Vast quantities of electronic information provide a unique opportunity for scientists identify candidate solutions for grand challenges as scientists, policy makers, and students have never had access to more electronic information than they do today. The goal in this research is to develop new text mining methods that are consistent with the manual processes that experts currently used to resolve contradictory and redundant evidence. Both discovery and synthesis are difficult activities even for people, so the team plans a socio-technical strategy to achieve this goal. This study includes a longitudinal study of manual discovery and synthesis behaviors of a diverse network of faculty, policy makers, and students from UNC and the Research Triangle Park. The majority of effort will be to advance natural language processing methods that automatically identify concepts and relationships, detect entailment and paraphrasing, and generate multi-document summaries. Lastly, a series of qualitative and quantitative studies that accurately reflect the degree to which text mining methods assist in discovery and synthesis activities will be conducted. This project will advance language processing methods that detect concepts and relationships, recognize paraphrases and entailment, and generate multiple documents summaries; provide the natural language community with a collection of gold standards that reflect diverse and realistic information needs; train the next generation of scientists to explore complex research that span disciplines; promote the ?human side of discovery? via a sponsored workshop. The socio-technical solution to text mining proposed in this project will ensure broad impact of the subsequent text mining theory and tools. This project will accelerate scientific discovery by enabling experts to follow connections between disciplines; and accelerate policy development by reducing the time required to resolve seemingly redundant and contradictory evidence within a discipline. Involving policy champions from the Environmental Protection Agency and the Cecil G. Sheps Center for Health Services will ensure that the theory and technology produced from this research are consistent with the complex environment in which discovery and synthesis takes place. Claim Jumper will accelerate their existing policy efforts, but more importantly, tools from this project will enable studies that are not feasible with manual methods.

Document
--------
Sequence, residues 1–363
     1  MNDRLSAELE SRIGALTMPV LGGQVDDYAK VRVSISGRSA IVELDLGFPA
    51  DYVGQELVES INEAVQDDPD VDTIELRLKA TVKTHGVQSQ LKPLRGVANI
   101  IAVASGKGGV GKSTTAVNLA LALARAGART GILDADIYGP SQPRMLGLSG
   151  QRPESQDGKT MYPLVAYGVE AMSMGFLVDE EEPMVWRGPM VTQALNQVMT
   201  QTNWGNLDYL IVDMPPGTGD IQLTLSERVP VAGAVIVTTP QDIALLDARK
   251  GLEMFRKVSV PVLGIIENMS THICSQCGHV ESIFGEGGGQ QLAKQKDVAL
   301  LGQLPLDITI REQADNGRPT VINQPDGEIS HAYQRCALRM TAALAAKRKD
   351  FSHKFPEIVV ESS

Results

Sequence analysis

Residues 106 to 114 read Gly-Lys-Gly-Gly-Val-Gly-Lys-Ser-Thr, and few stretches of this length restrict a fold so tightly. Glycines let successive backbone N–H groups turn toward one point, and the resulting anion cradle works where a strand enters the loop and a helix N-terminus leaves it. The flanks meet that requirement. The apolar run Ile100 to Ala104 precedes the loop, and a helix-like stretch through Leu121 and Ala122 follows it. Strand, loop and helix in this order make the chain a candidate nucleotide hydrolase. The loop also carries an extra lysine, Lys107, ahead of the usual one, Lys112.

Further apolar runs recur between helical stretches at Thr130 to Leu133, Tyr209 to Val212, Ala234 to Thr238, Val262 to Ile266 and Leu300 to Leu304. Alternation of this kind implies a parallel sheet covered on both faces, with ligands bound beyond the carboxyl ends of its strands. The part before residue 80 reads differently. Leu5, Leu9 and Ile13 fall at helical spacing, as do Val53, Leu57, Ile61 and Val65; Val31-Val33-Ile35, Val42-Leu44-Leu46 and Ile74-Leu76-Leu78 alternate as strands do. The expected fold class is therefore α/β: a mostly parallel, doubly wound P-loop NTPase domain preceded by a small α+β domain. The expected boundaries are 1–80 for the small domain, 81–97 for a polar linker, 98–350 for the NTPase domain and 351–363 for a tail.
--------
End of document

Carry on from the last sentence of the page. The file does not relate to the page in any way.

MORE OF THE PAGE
National Science Foundation (NSF)
Division of Information and Intelligent Systems (IIS)
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Sylvia J. Spengler
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University of Illinois Urbana-Champaign
United States
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